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*Scripture verses covered in this section's commentary are noted in italics

Romans 16:13-16 meaning

Verses covered in this passage:

  • Romans 16:13
  • Romans 16:14
  • Romans 16:15
  • Romans 16:16

Paul finishes listing the believers whom he wishes to greet in Rome, and likely also his allies in contending against the competing Jewish “authorities” who have slandered Paul’s gospel of grace.

Rufus is called a choice man in the Lord, also his mother and mine (v 13). Paul considers Rufus’s mother as his own, likely due to the kindness and hospitality she had shown him in the past. One of the great rewards/benefits Jesus promised to believers is relationships with other believers that are as close as family (Mark 10:30). We do not know much about Asyncritus, Phlegon, Hermes, Patrobas, or Hermas (v 14). Presumably, since the names are listed together, they have something in common, perhaps leaders of a church, since Paul said, and the brethren with them (v 14).

It is interesting to note how many people Paul knows in the Roman church, although he had never been to Rome. Since Rome was the center of the world at that time in every way politically, economically, and culturally, it is not surprising that there may have been a mass immigration to Rome of people Paul had met in his travels.

Paul says to greet Philologus and Julia, who were likely either husband and wife or brother and sister. Paul names Nereus and his sister, and Olympasand all the saints who are with them (v 15), indicating that these people were likely connected to another house church in Rome. Paul then instructs the believers to greet one another with a holy kiss (v 16). The holy kiss was a customary gesture of shared brotherhood in Christ. Paul closes his greetings by saying all the churches of Christ greet the believers in Rome (v 16).

Paul listed many Christians he knew personally, and could attest to their virtue and devotion to God. There is a story of success in faith with each person he acknowledges. Epaenetus is noted as the first convert to Christianity in Asia, and a beloved friend to Paul (v 10). Mary is a believer who is described as a hard worker, as are Urbanus, Tryphaena, Tryphosa, and Persis (v 12).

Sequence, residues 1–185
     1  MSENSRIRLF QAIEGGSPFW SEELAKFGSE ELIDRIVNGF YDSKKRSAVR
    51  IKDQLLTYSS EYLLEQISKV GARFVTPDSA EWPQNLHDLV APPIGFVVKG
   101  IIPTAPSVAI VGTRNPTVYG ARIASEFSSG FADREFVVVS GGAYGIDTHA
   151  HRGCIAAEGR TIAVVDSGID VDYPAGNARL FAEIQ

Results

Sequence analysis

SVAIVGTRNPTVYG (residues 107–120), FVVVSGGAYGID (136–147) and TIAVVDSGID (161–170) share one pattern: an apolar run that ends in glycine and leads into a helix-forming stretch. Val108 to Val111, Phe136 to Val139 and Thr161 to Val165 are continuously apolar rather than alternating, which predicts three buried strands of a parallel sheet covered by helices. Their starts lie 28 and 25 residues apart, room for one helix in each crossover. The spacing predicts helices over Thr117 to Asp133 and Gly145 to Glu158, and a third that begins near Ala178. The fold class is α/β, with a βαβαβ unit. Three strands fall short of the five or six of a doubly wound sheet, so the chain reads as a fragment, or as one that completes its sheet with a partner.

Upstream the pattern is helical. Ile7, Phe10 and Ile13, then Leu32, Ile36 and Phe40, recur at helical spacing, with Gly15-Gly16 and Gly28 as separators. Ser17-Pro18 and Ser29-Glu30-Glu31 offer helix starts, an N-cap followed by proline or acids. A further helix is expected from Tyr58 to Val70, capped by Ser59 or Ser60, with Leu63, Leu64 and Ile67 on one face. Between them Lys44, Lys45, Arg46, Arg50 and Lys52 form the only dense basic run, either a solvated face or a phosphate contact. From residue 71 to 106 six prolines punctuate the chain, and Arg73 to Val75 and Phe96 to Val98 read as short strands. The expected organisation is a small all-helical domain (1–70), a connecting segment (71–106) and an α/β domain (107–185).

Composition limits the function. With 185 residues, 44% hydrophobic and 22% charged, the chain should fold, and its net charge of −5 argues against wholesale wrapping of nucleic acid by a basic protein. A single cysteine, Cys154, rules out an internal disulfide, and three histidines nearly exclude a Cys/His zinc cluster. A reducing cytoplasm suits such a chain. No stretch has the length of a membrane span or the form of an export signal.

Paul expresses a deep love for Epaenetus, Ampliatus, Stachys, and Persis. Paul has a rich history with these saints, one made up of dedication, suffering, and love for one another. Andronicus and Junias were imprisoned with Paul at some point. They are called “kinsmen,” most likely fellow Israelites, and they are revered by the apostles for their ministry. Herodion too is apparently a kinsman of Paul, a fellow Jew.

All of these people are brethren and saints, as are all who believe in Jesus Christ. Paul views life as a team effort. He described the church as a body in Chapter 12 to show what righteous living looks like. Jesus is the head of the body. It is inferred that these saints are examples of the body of Christ functioning together in unity. These people helped Paul; his ministry was supported by the believers he acknowledged. Paul taught throughout this letter that Christians should live harmoniously together and care for one another with love.

It is likely that Paul mentions all these people to further combat the slander waged against him by competing Jewish “authorities” in Rome (Romans 3:8). Paul’s gospel and position as an apostle had been called into question by this slander; Paul had not visited the Roman church at the writing of the letter (Romans 1:10) and not every believer in Rome knew Paul personally. 

So, Paul closes his letter by referencing all the people he knows who are there in Rome, who can validate his apostleship and are on the side of operating under God’s grace rather than becoming subject to religious rules. These are people with a great reputation right there in the Roman community, and they can vouch for Paul as well as contend for the faith.

It would not be surprising to find that this group of saints in Rome were the ones that alerted Paul of the slander taking place against the gospel of grace. It could be that they requested Paul’s help in combatting the rival Jewish “authorities,” and that Paul wrote this letter to arm them in contending for the faith. If so, by listing them and giving them special commendation, Paul is endorsing their leadership with his apostolic authority, thus providing them with additional credibility in fighting for the gospel of grace.

We know Paul has done ministry with some of these people in other parts of the world, most notably Prisca and Aquila (Romans 16:3). Through them, the Roman believers can have better insight into the gospel of grace, which is supported by Paul’s authority and ministry. Paul has written this letter to uphold the gospel of God’s grace since Paul’s teaching had been slandered and misrepresented.

Paul is also pointing to people whom he trusts, admires, and loves. These people are sources of faith and leadership. Paul’s words are encouraging, edifying, and point to what the body of Christ looks like when it lives in harmony, affecting the world through its unity in obeying God by faith.

Biblical Text

13 Greet Rufus, a choice man in the Lord, also his mother and mine. 14 Greet Asyncritus, Phlegon, Hermes, Patrobas, Hermas and the brethren with them. 15 Greet Philologus and Julia, Nereus and his sister, and Olympas, and all the saints who are with them. 16 Greet one another with a holy kiss. All the churches of Christ greet you.




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